St Athanasius

Bishop and Doctor, (entered heaven this day in 373)

Dear Hans,

Your commitment to active evangelization is laudable.  Clearly, your spring retreat has had a positive effect.  Every moment invested in spreading and defending the faith is a deposit in the bank of eternity.  And you seem to be accumulating quite a balance.  Nevertheless, I detect a disturbing trend in your latest notes.  If I am not mistaken, as your zeal for action has increased, your zeal for study and prayer has decreased.  That, my courageous young nephew, is a recipe for disaster.  You need to put some order back in your life.  Maybe a glance at today’s saint can rescue you.

Athanasius received the best education the ancient world had to offer.  He grew up in the cosmopolitan center of Alexandria, Egypt, the New York City of the ancient Mesopotamian world.  He mastered Greek literature and philosophy, rhetoric, jurisprudence and Christian doctrine, and though he didn’t know it at the time, he was going to need every last bit of that education.

He became secretary to the great bishop of Alexandria at the time of the First Ecumenical Council at Nicea.  That’s when the Church condemned the insidious errors of the Egyptian priest, Arius, who claimed that Christ was not truly God.  Soon thereafter, but still before he turned thirty, Athanasius himself became bishop of that all-important See (“see” is another name for the seat of episcopal or papal authority).

For many reasons, Arianism continued to grow and spread.  It infected all of Christendom, in fact, and threatened to shatter the unity of the Church.  St Athanasius was the staunchest opponent of the heretics and the sturdiest defender of the Catholic faith throughout the long battle.  His enemies knew what a critical player he was, and therefore constantly schemed to have him eliminated.  They slandered and calumniated him, put him on false trial, stirred up more than one emperor against him, cajoled him, threatened him… But in the end, Athanasius kept the faith intact, even though he was banished five separate times and spent over 17 years in exile.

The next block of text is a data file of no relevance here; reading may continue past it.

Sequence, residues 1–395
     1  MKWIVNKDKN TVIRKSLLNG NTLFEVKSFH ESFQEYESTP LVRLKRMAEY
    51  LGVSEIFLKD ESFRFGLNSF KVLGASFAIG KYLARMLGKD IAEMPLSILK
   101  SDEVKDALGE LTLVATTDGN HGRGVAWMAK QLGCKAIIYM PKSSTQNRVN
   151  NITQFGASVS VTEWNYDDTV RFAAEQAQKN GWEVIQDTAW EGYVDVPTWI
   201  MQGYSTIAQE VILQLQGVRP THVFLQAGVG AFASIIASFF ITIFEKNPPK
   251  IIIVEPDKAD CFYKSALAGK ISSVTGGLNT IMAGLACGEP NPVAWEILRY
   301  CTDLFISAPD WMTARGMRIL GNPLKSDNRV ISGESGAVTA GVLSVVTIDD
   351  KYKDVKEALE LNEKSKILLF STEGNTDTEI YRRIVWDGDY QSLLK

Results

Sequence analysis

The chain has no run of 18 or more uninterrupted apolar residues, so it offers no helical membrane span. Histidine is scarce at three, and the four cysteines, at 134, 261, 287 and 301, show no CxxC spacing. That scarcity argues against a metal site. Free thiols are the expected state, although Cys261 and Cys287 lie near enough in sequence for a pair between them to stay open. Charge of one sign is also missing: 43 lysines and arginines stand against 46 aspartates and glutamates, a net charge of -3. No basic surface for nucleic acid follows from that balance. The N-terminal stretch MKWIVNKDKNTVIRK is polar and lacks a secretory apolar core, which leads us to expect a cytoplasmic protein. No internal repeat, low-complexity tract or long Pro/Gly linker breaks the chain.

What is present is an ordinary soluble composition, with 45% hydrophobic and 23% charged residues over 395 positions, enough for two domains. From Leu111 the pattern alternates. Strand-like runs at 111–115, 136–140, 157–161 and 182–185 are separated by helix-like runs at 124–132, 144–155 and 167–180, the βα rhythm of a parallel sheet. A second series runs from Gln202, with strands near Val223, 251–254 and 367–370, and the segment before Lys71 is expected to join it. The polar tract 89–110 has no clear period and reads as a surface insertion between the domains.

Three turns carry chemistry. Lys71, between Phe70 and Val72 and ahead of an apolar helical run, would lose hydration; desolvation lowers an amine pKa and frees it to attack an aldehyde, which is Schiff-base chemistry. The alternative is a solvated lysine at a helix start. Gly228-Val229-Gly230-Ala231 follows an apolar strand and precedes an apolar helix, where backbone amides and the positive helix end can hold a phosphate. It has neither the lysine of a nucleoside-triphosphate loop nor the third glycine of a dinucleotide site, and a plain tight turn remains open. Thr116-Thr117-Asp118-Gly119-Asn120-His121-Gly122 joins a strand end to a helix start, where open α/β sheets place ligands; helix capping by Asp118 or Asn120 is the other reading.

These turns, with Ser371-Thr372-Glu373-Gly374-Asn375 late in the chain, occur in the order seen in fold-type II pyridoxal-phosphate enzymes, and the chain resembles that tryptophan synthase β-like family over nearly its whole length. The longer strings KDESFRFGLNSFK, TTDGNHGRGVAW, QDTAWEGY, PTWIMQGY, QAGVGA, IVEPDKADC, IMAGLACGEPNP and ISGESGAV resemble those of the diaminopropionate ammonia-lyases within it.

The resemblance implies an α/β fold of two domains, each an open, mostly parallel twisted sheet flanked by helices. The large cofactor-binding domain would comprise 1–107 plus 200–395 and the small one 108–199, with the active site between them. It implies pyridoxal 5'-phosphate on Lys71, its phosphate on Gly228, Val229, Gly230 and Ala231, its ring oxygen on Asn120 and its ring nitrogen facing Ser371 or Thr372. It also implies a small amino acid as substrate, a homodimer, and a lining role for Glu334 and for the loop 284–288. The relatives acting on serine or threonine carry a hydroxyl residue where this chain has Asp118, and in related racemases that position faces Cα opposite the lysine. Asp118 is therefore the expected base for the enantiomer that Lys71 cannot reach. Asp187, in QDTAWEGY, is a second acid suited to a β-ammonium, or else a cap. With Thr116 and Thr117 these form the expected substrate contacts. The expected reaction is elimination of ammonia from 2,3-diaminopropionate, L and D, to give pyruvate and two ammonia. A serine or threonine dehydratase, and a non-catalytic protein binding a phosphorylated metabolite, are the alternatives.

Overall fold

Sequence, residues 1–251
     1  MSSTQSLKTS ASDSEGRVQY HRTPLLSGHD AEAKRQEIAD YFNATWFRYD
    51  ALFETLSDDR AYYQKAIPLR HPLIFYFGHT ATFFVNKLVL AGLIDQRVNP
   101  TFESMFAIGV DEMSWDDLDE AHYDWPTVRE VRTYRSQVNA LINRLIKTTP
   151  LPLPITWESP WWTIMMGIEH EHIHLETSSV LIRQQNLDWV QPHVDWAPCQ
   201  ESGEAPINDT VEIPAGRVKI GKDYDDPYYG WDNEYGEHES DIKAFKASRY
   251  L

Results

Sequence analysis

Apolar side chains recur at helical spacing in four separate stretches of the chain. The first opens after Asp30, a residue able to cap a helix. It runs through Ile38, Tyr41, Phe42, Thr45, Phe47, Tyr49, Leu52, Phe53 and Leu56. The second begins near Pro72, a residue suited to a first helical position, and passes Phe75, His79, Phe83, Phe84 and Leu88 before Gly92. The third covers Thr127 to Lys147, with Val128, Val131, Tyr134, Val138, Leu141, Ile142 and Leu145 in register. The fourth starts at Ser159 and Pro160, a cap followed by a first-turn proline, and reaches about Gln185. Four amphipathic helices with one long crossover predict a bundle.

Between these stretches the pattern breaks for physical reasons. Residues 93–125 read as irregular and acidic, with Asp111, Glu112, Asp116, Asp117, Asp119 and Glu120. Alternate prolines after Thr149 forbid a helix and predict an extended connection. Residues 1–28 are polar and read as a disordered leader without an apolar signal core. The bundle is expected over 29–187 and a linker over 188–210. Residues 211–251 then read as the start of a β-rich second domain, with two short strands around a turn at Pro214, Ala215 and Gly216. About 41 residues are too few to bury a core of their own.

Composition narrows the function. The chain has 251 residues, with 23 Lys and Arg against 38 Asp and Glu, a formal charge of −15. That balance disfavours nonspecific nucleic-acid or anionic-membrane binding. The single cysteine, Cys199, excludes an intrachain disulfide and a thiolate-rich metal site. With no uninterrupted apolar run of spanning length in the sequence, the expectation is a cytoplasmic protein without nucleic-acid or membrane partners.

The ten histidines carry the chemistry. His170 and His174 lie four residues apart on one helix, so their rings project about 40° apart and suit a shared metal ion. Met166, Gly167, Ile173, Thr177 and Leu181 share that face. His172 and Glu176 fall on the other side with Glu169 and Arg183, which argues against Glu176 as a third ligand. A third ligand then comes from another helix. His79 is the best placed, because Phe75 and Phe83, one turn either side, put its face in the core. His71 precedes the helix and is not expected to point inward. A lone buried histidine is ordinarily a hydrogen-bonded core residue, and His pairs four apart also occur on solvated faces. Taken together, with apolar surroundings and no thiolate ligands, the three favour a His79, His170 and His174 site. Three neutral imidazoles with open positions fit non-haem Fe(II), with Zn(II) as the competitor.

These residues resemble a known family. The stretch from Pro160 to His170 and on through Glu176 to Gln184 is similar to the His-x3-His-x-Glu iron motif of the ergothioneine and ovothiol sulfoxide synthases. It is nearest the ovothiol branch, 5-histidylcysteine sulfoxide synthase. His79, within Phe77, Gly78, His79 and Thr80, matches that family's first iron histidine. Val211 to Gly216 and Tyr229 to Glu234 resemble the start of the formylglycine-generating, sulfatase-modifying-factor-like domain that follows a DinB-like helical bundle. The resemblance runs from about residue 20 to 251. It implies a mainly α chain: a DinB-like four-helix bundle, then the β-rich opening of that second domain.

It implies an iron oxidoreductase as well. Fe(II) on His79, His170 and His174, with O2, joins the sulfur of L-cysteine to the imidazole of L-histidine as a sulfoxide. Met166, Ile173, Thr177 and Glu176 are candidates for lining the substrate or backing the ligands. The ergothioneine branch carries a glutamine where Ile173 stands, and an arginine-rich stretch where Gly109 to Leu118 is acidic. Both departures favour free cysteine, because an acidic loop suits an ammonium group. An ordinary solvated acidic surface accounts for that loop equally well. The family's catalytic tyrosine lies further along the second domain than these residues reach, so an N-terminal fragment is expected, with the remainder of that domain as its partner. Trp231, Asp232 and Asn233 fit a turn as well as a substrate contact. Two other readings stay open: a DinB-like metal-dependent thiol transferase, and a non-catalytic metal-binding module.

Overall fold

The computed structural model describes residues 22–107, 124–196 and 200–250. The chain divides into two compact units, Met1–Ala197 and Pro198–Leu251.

In one of the Church’s most dire hours, Athanasius saved the day.  How was he able to do it?  Two reasons: first, God had given him the opportunity to receive a top-notch education and he had taken full advantage of it, i.e. he had formed himself well during his youth, and thus he was able to sift through the subtle half-truths argued by his enemies without being deceived or even confused.  Second, he knew how to pray.  Much of his exile was spent hiding with the monks in the Egyptian deserts, where he befriended St Anthony the Abbot, as well as other experts in prayer.

Your apostolic action is important, but right now God also needs you to be responsible in your studies – that’s an essential part of his will for a college student.  And if you aren’t united to the vine by prayer, all your activities will end up sterile – a branch cut off from the vine can’t bear any fruit.  If you can keep these things in order, I have no doubt that you too will do great things for the Kingdom, just like St Athanasius.

Yours always,

Uncle Eddy

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